Other causes, including more advanced rickets, require surgery. But for mild cases that don’t cause much pain, physical therapy and weight training will help to strengthen the muscles surrounding your leg bones. However, they won’t straighten your bones.
The most common type of surgery used to treat bow legs without significant osteoarthritis, particularly in younger patients, is a high tibial osteotomy. This procedure realigns the tibia by cutting into the bone and reshaping it. This relieves the pressure on your knee. However, if you have bow legs, osteotomy surgery can also help to prevent, or at least delay, the need for total knee replacement surgery in future.
Following a high tibial osteotomy procedure, you will need to wait three to eight months before getting back to your usual level of activity. You will also need to wear a brace for at least a month or two.
Generally, bow legs do not require any special shoes or braces. The bowing should improve as the child grows from 15 to 18 months until about 3 years of age. If there is an alignment concern that continues past 7 or 8 years, parents should consult a pediatric orthopaedic provider to determine whether there is a need for treatment. Bow legs or one bowed leg beyond the age of 3 can indicate a leg length discrepancy. It can also be a sign of a more serious condition, such as rickets or Blount’s disease.
What is knock knees?
Knock knees is also known as Genu valgum. It is a knee misalignment that turns your knees inward. When children with knock-knees stand up with their knees together, there’s a gap of 3 inches or more between their ankles. This is because their knees are bent inward. Knock knee symptoms may include an unusual walking pattern, difficulty walking, and rare instances of pain.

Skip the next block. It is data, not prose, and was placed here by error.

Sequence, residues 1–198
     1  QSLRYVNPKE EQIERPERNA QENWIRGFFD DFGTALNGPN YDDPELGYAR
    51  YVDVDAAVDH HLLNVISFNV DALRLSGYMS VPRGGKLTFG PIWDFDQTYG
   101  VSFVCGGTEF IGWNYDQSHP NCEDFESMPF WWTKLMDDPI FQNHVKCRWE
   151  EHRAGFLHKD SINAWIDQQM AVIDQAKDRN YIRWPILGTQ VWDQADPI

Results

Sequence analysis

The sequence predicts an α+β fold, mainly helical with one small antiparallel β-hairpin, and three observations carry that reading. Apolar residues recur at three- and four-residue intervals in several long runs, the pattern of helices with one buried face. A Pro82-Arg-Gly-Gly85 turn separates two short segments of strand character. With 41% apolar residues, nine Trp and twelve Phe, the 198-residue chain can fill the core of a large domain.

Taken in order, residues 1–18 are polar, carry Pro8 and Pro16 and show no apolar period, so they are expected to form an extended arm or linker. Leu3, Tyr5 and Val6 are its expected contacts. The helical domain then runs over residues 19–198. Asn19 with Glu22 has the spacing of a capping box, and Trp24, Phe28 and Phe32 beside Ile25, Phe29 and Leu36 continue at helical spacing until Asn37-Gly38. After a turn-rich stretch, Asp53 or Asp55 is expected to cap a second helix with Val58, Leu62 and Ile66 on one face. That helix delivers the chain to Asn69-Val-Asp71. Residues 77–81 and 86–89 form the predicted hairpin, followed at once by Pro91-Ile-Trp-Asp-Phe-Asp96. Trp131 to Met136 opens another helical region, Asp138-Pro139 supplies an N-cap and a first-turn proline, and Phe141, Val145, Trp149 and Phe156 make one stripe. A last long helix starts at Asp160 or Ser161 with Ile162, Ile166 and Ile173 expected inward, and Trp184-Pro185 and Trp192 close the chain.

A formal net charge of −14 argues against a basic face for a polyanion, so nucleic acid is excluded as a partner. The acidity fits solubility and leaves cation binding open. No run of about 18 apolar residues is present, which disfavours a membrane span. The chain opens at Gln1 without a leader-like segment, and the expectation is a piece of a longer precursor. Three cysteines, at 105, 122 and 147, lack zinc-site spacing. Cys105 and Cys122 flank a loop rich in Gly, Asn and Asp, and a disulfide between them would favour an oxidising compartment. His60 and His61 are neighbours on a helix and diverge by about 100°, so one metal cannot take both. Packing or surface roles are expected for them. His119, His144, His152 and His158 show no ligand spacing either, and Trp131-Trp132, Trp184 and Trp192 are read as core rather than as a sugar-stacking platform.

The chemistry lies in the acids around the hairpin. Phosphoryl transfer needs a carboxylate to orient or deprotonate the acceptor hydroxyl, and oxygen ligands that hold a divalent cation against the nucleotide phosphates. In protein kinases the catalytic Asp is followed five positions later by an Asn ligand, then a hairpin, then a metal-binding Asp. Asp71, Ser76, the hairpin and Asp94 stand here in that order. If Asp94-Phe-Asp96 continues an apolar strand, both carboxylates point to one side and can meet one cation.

Knock knees is very common in children and it usually corrects itself as they grow. Up to 75 percent of children between the ages 3 and 5 have knock-knees. Knock knees can also develop later in life from:
- an injury or infection in your knee
- severe lack of vitamin D and calcium
- arthritis in the knee
This condition cannot be prevented, but its effects can be minimized. Physical therapy and exercise are a successful alternative to surgery.
What are the symptoms of Knock knees?
Knock knees that persist beyond childhood may have other symptoms besides misaligned knees. They include:
- stiff joints
- knee pain
- walking with a limp
Stressed ligaments and muscles can also cause pain in your hips, ankles, or feet. If only one knee is out of line, then your stance may be unbalanced.